With those still left in the stands wondering where a spark might come from this season, it's not a great sign when the players don't even know. "I really don't know, just keep playing hard," Foster said. "I believe if you keep doing things hard and keep playing hard something will change for us. Something will change for us sooner or later so you have to keep playing hard and keep having faith in our program and something will turn around."

That change has come sooner for Washington, but it wont take affect until later - maybe not until even next year. With Coach Willingham announcing his termination at the end of the season the players now have the answer they have been waiting for.

"There was a lot of rumors going around but I thought we did a great job of blocking them out of our ears and focusing on winning only," said starting quarterback Ronnie Fouch. "Now that we know I think it will help guys a little bit knowing what will happen after the season. I think we still need to finish the season out right and get some wins for him."

Willingham not coming back takes away one doubt, but the door opens on a lot of others. Between recruiting, assistant coaches and players, the uncertainty will continue to grow over time. The 'keep the faith' effort has not been very nice to Seattle fans in the last year and who knows what will happen next. Between the Sonics leaving, the Mariners sucking and the Seahawks listing to one side, the University of Washington cannot afford another blunder with their next head coaching search.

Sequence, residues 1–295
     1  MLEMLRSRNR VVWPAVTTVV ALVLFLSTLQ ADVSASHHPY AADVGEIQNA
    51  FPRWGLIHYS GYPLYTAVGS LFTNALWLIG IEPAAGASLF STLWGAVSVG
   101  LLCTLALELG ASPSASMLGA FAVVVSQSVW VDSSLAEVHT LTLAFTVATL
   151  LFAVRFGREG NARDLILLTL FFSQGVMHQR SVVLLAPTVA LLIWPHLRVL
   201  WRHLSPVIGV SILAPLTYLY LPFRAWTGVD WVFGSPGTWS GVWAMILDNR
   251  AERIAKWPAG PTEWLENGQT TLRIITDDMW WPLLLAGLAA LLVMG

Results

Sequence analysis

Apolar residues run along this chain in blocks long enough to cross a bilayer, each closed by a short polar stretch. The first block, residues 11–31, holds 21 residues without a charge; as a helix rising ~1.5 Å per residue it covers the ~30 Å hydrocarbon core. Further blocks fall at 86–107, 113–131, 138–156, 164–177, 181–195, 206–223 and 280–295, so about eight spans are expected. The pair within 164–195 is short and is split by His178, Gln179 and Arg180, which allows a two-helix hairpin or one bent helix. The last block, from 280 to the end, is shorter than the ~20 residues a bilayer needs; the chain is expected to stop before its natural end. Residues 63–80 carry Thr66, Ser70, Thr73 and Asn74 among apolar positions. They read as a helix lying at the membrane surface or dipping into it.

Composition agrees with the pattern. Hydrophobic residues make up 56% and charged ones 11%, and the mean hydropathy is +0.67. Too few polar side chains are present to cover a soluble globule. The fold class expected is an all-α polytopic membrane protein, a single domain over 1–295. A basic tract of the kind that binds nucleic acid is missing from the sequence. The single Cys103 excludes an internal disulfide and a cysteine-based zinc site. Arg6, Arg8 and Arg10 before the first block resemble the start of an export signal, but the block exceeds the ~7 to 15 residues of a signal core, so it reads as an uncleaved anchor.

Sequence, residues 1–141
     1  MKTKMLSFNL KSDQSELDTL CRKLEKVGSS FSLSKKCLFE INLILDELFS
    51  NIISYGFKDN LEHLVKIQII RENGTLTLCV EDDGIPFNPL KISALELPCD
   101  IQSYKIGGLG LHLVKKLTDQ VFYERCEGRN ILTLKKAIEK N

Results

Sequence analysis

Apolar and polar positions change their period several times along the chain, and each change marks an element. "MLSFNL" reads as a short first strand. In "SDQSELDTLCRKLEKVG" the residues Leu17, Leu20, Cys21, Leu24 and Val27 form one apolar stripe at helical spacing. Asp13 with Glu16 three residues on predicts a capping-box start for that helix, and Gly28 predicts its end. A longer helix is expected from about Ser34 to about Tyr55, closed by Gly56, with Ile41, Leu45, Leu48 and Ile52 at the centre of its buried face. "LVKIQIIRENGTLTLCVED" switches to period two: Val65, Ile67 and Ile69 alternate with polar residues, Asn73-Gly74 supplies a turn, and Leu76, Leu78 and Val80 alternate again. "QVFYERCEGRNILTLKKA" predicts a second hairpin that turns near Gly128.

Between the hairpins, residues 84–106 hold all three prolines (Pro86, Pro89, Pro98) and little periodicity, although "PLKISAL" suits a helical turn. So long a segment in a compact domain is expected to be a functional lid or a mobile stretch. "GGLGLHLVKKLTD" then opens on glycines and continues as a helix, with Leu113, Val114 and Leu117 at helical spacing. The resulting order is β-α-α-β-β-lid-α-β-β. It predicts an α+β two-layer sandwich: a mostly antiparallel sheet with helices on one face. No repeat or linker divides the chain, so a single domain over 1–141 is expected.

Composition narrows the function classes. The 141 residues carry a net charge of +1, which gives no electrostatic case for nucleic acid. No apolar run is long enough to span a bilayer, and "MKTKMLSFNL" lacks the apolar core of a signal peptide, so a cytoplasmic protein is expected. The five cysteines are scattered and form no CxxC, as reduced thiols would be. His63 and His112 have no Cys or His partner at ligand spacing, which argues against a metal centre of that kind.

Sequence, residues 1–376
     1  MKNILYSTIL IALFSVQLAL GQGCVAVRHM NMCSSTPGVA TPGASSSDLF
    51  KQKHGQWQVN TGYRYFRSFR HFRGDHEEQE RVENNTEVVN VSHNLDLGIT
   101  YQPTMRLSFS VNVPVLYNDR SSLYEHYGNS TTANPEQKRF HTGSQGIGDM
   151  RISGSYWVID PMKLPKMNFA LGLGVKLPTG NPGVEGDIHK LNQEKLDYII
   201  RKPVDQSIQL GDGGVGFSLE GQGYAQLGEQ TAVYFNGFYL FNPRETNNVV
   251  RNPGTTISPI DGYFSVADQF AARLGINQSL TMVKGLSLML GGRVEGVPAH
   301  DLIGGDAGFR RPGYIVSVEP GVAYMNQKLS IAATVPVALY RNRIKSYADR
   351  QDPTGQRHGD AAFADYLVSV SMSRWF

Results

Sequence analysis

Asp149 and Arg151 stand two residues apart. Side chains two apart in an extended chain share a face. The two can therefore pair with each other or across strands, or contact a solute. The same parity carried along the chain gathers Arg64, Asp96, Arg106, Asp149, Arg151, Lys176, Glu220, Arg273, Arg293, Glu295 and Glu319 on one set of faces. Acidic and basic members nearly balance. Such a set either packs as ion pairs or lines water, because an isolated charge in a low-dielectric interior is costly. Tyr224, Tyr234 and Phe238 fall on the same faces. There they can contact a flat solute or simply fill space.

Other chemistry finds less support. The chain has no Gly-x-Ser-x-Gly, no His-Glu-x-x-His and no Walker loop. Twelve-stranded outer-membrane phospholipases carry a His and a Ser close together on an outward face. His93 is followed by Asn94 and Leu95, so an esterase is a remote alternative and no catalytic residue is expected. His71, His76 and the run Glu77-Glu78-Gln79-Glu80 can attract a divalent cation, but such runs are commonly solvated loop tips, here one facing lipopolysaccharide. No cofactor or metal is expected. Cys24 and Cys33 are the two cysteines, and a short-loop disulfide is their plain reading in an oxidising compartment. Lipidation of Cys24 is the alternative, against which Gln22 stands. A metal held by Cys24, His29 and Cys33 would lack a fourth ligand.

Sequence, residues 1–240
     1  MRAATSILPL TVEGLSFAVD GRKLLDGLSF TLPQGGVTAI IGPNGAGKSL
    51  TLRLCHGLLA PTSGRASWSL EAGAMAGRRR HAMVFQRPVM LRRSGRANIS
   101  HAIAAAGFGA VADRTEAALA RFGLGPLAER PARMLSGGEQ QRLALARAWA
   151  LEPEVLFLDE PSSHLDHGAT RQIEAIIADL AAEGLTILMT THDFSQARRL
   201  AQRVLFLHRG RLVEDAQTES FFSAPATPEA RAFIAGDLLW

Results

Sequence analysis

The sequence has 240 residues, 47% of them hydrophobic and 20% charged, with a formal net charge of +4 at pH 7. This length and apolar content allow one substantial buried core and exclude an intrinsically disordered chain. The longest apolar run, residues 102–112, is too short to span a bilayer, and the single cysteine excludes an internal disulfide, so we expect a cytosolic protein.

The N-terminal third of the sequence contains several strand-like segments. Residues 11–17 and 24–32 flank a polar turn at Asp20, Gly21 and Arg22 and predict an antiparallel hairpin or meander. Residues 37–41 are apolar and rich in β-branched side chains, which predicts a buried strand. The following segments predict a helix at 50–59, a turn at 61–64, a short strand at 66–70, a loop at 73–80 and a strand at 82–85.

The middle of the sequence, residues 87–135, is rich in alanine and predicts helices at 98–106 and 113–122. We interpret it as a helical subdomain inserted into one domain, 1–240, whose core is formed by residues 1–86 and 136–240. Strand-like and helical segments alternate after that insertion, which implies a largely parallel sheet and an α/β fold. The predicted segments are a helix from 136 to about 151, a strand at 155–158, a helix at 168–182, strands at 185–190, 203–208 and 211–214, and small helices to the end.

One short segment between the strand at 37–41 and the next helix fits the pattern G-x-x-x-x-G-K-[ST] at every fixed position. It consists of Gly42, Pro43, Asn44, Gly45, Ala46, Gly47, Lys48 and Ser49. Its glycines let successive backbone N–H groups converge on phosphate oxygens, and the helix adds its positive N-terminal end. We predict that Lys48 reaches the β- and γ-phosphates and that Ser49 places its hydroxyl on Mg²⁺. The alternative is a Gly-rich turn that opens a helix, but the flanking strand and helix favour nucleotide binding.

Is Willingham finishing out the season really the right choice? "Yes, I think that's best for our team to have him stay because he has built this program to where it is right now," said Fouch. "We're going to rally around him and try and win some games to finish out the season right for him."

Therein lies the crux: Willingham has built this program where it is today. Having Willingham around will be like having a living specter on the sideline. The players will be reminded of why they came to Washington but won't be seeing him much longer. It's the long goodbye nobody wants.

The team hasn't won a game in almost a full calendar year and they haven't had a season live up to Husky standards since 2001. With USC next on the schedule it is almost inevitable that Washington will be 0 and 8 the next time they play at Husky Stadium. For now some fans will be satisfied with the sole fact that Willingham will not be back despite the lack of results on the scoreboard. But is that enough? The athletic department needs to regain the fans' trust in order to return Husky football to where it should be. Everything is dependent on the next hire and getting a coach the fan base can rally around.

With this chapter of Husky football all but over, the players will have to dig deep for motivation. Perhaps all the way to China.

"We need to keep focused and keep playing hard," sophomore cornerback Vonzell McDowell said. "I mean, we have to have pride in ourselves and for our University and just make sure we are doing everything we can do to win. It's frustrating, but there's nothing you can do other than to keep working hard and it will pay off sooner or later."

With pride the only thing left to play for, will the team be able to parlay that into enough points against the Trojans to score a moral victory? Top Stories